Non-compensation issues also important
Other issues we will be attempting to address through our bargaining this year include: Professional development. Increasingly UC librarians are not provided with sufficient support for research in their areas of responsibility, and a disproportionate share of professional development support appears to be directed to management employees. Workload. Because of the problems with retention and recruitment and the increasing inability to fill vacant positions, librarians still working at UC are facing unrealistic expectations that they can do two or three people’s jobs without additional support. Review process. The workload problems at most UC libraries have made the review process for librarian promotions more problematic. Expectations based on workloads that used to be more reasonable are raising concerns about the current criteria for promotions, while diverging practices on several campuses are raising concerns about transparency, consistency, and fairness of the review process. Other issues that we want to address in the bargaining process include remote work policies (telecommuting), faculty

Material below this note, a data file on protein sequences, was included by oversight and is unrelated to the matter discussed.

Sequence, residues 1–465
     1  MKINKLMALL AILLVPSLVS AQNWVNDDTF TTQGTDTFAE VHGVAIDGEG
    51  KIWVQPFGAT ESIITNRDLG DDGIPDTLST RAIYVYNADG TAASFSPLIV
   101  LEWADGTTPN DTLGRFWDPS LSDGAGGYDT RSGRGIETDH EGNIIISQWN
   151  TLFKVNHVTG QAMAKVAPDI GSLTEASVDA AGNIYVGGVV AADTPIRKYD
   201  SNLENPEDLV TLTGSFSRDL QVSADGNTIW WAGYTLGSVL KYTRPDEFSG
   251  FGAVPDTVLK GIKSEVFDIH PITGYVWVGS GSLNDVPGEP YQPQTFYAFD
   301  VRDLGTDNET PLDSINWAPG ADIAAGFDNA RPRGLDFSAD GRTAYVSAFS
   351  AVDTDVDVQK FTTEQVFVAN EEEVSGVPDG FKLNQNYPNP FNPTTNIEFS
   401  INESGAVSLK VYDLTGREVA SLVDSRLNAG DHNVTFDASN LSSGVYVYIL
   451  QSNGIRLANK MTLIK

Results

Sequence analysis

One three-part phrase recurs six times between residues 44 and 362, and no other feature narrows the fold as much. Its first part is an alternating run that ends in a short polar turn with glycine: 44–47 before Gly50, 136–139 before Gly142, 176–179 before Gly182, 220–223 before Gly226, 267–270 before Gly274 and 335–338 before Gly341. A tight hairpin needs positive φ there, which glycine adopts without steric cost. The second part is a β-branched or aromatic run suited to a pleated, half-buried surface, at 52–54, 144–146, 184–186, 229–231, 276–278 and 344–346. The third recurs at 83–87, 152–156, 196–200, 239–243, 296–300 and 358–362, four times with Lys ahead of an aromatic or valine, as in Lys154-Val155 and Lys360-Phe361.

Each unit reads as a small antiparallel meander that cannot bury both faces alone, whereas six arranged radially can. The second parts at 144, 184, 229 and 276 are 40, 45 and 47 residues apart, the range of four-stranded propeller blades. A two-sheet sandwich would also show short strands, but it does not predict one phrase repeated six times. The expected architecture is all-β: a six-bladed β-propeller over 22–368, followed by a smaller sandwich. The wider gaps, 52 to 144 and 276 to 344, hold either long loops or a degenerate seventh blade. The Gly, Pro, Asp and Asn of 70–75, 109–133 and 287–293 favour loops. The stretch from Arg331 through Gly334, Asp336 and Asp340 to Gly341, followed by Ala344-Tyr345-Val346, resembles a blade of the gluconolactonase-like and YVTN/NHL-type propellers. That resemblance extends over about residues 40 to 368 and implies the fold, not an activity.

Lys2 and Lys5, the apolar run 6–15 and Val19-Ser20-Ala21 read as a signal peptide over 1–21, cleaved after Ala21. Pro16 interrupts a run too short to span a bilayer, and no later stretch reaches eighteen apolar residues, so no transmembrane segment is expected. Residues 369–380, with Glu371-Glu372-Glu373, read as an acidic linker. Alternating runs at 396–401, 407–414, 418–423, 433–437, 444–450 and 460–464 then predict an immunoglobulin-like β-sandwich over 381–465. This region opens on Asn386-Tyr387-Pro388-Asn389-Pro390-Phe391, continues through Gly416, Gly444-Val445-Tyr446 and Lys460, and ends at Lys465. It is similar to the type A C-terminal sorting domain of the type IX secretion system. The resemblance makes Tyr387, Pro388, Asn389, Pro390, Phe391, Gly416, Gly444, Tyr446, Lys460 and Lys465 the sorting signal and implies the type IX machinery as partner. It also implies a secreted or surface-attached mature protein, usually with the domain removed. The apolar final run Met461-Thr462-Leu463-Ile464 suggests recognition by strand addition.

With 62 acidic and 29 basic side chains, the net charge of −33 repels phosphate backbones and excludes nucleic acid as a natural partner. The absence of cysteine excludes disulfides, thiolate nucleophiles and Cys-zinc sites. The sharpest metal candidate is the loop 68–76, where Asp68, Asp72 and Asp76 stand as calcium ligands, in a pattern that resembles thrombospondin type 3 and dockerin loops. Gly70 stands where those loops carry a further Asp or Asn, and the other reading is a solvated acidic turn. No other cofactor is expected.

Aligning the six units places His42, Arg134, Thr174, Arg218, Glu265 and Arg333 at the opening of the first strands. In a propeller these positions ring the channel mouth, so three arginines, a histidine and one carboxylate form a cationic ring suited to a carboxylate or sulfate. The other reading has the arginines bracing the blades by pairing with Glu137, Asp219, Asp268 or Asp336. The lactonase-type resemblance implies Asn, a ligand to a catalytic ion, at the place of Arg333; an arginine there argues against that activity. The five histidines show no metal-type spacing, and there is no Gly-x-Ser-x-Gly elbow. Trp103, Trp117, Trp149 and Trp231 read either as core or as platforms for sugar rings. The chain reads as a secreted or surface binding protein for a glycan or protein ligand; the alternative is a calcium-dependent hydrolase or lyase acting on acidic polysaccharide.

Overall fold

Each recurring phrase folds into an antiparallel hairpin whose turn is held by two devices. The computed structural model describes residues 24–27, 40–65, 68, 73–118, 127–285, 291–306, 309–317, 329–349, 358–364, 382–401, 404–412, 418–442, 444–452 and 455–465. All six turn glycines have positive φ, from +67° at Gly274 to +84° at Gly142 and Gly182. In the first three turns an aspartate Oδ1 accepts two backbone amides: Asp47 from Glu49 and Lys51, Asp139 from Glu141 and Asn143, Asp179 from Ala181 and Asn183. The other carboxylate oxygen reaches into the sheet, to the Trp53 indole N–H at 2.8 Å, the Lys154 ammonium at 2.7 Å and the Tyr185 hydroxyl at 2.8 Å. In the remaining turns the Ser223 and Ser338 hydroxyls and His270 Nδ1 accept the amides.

Libraries are more than books.